After the recent summer heatwave, cooler September temperatures are a godsend for carp anglers. Here, Simon Crow shares his top tips for early autumn tactics including watercraft, rigs and bait.
How to succeed in September
Autumn is one of the best times for catching big carp. Perhaps not quite as good as spring, but certainly the next in line. It’s a time when the carp begin to group up. They start to get agitated and competitive amongst themselves. They know winter is on the way and they head towards the areas they know they’ll find food.
The need for plumbing and searching out the hot spots becomes more obvious in September than at any other time of the year. Generally, results can be a bit hit and miss coming out of summer because the fish will have been bombarded with baited rigs in the preceding months. But, if you track down the spots they visit regularly, you can certainly sneak out a few good fish.
A well-planned pre-baiting campaign will help overcome any shyness built-up by the carp, but a good plumb around now will uncover all sorts of new clear areas, especially those which have been covered by weed throughout the summer. These may only be a few feet across. One of the best ways of uncovering them is with a boat and some sort of looking glass, but not all venues allow anglers to do this so it may be necessary to have a good cast around.
I use two rods to do this thoroughly – the first armed with a simple marker float set up, and the second loaded with a baited rig. I’ll cast the marker out to the area I want to check, and then follow it with the rigged rod, taking note of anything I bring back on the hook. I’ll cast all around the marker, giving the rig plenty of time to settle on the bottom, before retrieving it and moving my attention to another area. I will take note of anywhere clean, especially spots which are several inches deeper than the surrounding area, or where the lead comes back caked in clay.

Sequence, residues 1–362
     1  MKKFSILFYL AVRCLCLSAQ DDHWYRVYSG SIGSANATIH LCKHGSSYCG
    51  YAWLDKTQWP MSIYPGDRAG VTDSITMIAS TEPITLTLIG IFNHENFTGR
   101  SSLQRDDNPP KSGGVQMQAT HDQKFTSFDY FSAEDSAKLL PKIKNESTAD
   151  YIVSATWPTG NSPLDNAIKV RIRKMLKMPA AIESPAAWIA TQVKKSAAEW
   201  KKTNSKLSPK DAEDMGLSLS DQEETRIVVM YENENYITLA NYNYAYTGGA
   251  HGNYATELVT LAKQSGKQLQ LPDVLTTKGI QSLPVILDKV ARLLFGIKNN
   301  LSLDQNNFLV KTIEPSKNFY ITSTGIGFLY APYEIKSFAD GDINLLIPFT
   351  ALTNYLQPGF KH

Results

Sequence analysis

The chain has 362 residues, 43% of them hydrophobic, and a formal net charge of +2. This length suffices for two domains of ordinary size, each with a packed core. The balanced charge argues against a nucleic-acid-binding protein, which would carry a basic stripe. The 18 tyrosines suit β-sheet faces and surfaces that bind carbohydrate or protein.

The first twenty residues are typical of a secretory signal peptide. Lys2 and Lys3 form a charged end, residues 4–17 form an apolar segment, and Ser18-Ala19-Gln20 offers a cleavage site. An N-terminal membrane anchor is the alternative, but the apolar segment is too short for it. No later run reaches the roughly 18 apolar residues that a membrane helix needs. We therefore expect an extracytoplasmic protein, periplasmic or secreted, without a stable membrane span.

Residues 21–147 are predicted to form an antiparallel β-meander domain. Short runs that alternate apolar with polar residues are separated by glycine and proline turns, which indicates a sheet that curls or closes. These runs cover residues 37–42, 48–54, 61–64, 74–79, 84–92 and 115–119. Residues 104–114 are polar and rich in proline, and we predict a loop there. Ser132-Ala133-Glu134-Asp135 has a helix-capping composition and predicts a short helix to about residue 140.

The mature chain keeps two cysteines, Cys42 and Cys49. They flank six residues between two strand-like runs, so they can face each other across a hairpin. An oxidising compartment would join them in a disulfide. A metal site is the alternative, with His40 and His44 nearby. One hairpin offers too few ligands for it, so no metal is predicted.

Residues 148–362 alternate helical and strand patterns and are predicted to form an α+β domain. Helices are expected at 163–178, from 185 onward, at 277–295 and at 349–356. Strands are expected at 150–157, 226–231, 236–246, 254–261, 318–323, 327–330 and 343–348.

September brings a lot of fallen leaves which can cause problems with your presentation. Even when fishing over my pre-bait I generally switch to pop-ups at this time of the year, not wishing to risk having my hookbait hidden underneath an obstruction. Presenting bait an inch or so off the bottom is ideal, usually critically balanced, but occasionally over-shotted, especially if I’m in shallow water and there’s a strong wind.
Generally I shorten my hooklinks for pop-ups, usually down to 6-8 inches. I think carp, especially pressured ones, tend to approach pop-ups by placing their mouth right over the top of the bait rather than hoovering up. A shorter link gives them less margin for error here, especially when combined with a heavy lead of 3-4oz.
Half a dozen or so freebies on a stringer alongside the hookbait would be my first line of attack in September, perhaps with a light coating of pellet just to increase the attraction. I always find mimicking nature is the best option, which is why I like to keep everything as tight as possible (similar to how the fish would find bloodworm beds). Early autumn hot spots tend to be quite isolated, so there’s no need for heavy or broad scatterings of bait just yet.
If you’ve been targeting a venue with the same bait throughout the season, you may have lost a bit of faith with it during August as the catches dropped off. That’s the nature of carp fishing, but have confidence in your efforts because now’s the time that they will really come through. The carp will recognise established bait now, more than any other time of the year.
Stick with it
Last year I’d been piling bait into my target venue since April, and despite having a rough couple of weeks fishing in August, things picked up in September. It was hard listening to the advice of angling friends that my target prey wasn’t on my pre-bait, but catching new fish boosted my confidence and proved that sticking with it was the right choice. I went on to land the one I most wanted – at a healthy 38lb!
September is a brilliant month to go carp fishing. You might experience a few blanks along the way as it’s very much a transition period between summer and autumn. However, stick with it and believe in what you’re doing. The results are there for the taking if you put in the graft. It‘s the start of one of my favourite periods of the year, when the fish are beautifully coloured and the big ‘uns love to have a feed.
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